And this teaches us the way and manner of our communion with God by the Gospel. The person of the Father is the origin of all grace and glory; but it is not immediately from him that they are communicated to us. It is the Son whom he loves, and hath given all things into hishand. He has made a way for their communication to us: and he does it immediately by the Spirit. As the descending of God towards us, in love and grace, issues in the work of the Spirit on us; so all our ascending towards him begins therein. And we must attend explicitly to these things, if we wish our faith, love, and obedience should be evangelical. Woe to professors of the Gospel who are seduced to believe that all they have to do with God consists in their attention to moral virtue! It is sottish ignorance and infidelity to suppose that, under the Gospel, there is no communication between God and us but by laws, commands, and promises on his part; and by obedience performed in our own strength on our part. Let them judge thus who, being weary of Christianity,. have a mind to turn Pagans. But our fellowship is with the Father, and his Son Jesus Christ,' by the Spirit. It is therefore of the first importance to us to enquire
into, and secure to ourselves, the promised influences of I the Holy Ghost.
5. As the Holy Spirit is the Spirit of grace, and the immediate efficient cause of all gracious effects in men, wherever there is mention made of any one of them, it is to be looked on as a part of his work, though he be not expressly named. I do not understand what some begin to talk about moral virtue; they seem to aim at something that is in their own power, at least with a blessing on their endeavours. But as to grace, I think all men will grante that it is of the Holy Ghost alone. Whether we under-ion, stand by grace, the free favour of God towards us, or his pri free effectual operations in us, the Holy Spirit is its Auto thor, in the first sense, as to its application; in the lat-fitti ter, as to the operation itself. This, therefore, must be sitt taken for granted, That wherever any gracious actings of, as God towards men are mentioned, the Holy Spirit is principally intended.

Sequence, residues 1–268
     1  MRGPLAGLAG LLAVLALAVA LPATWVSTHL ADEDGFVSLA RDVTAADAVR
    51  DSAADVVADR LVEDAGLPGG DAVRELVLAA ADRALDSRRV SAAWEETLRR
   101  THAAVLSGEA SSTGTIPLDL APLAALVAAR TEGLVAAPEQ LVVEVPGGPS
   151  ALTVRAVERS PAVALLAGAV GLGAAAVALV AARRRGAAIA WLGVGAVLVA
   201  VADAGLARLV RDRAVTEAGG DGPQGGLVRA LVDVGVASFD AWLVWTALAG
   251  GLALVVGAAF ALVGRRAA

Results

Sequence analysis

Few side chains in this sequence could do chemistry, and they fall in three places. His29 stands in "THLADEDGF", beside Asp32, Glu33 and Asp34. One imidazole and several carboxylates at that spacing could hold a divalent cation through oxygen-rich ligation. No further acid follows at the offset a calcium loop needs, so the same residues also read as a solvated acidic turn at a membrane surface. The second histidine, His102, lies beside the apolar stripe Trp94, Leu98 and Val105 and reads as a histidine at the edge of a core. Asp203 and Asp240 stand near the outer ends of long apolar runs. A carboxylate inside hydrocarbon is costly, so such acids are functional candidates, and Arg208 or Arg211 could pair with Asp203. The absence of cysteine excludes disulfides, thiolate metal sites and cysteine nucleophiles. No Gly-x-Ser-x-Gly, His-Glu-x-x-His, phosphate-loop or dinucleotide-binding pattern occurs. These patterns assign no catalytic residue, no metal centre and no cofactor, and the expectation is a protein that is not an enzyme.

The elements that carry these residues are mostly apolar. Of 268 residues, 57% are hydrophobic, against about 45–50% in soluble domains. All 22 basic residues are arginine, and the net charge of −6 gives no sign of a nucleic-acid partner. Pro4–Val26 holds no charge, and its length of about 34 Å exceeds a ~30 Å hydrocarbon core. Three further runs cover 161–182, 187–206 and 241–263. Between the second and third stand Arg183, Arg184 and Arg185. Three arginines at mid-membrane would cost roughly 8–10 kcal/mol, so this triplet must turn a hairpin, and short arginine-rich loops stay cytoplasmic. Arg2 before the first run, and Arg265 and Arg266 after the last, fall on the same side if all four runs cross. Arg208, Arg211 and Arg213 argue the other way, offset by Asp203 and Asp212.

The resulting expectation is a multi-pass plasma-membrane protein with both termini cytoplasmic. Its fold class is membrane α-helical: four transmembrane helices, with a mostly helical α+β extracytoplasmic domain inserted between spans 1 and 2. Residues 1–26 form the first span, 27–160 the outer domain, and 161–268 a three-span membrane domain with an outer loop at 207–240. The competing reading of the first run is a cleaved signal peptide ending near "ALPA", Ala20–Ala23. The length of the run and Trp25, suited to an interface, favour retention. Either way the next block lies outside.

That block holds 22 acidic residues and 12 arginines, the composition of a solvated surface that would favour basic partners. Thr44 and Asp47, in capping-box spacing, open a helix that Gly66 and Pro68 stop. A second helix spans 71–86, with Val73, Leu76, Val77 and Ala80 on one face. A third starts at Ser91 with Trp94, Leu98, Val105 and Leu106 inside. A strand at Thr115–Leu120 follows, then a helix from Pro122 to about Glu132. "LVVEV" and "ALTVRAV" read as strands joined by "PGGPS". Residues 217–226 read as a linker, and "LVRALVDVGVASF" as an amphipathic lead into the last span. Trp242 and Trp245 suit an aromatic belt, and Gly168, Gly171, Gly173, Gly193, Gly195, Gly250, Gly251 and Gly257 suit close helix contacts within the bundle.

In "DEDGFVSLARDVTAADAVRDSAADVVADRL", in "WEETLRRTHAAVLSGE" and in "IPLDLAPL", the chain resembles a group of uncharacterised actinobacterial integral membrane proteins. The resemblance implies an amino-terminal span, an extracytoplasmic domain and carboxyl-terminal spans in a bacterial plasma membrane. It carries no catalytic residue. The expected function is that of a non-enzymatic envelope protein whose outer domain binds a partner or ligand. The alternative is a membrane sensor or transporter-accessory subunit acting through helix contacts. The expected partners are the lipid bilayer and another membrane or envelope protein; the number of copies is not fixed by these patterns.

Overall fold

6. It must be duly considered, that whatever the Holy dan Spirit does, he does it according to his own will: and sexcord veral things of great moment depend. on this. (1.) The will and pleasure of the Holy Spirit is in all the grace that
he communicates to us. He is not a mere instrument or servant, disposing of what he has no concern in nor power over; but in all things he works according to his own will. We ought therefore to acknowledge his love and kindness ands in what we receive from him, no less than those of the Fa-ar ther and of the Son. (2.) He does not work as a natural agent to the utmost of his power, or as though in all his operations he did what he could; for he manages all his. works by his will and wisdom. And therefore when some are said to resist the Holy Spirit,' it is not to be understood that they can do so absolutely, but only as to some way, kind, or degree of his operations. Men may resist the means he employs, but they cannot resist him as to the end he designs; for he is God, and who hath resisted his will?' We must therefore consider what the means he employs tend to in their own nature, and what he intends by the the use of them. The first may be resisted and frustrated; the latter cannot. Sometimes, by that word which in its own nature tends to the conversion of sinners, he intends only their hardening: (Isa. vi. 9, 10.) and he can, when he pleases, exert such power and efficacy as shall take away